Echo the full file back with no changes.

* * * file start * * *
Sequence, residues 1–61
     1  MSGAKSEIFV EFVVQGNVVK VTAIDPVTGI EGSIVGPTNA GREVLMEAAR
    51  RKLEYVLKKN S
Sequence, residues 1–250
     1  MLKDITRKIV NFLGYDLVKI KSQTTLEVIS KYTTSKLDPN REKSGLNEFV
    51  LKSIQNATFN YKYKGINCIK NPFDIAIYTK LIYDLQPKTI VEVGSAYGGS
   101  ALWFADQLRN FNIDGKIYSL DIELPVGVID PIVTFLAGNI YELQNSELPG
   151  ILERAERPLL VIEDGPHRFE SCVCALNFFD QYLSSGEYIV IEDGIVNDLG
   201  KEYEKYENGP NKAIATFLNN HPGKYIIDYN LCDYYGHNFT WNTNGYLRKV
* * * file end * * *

Sequence, residues 1–61
     1  MSGAKSEIFV EFVVQGNVVK VTAIDPVTGI EGSIVGPTNA GREVLMEAAR
    51  RKLEYVLKKN S
Sequence, residues 1–250
     1  MLKDITRKIV NFLGYDLVKI KSQTTLEVIS KYTTSKLDPN REKSGLNEFV
    51  LKSIQNATFN YKYKGINCIK NPFDIAIYTK LIYDLQPKTI VEVGSAYGGS
   101  ALWFADQLRN FNIDGKIYSL DIELPVGVID PIVTFLAGNI YELQNSELPG
   151  ILERAERPLL VIEDGPHRFE SCVCALNFFD QYLSSGEYIV IEDGIVNDLG
   201  KEYEKYENGP NKAIATFLNN HPGKYIIDYN LCDYYGHNFT WNTNGYLRKV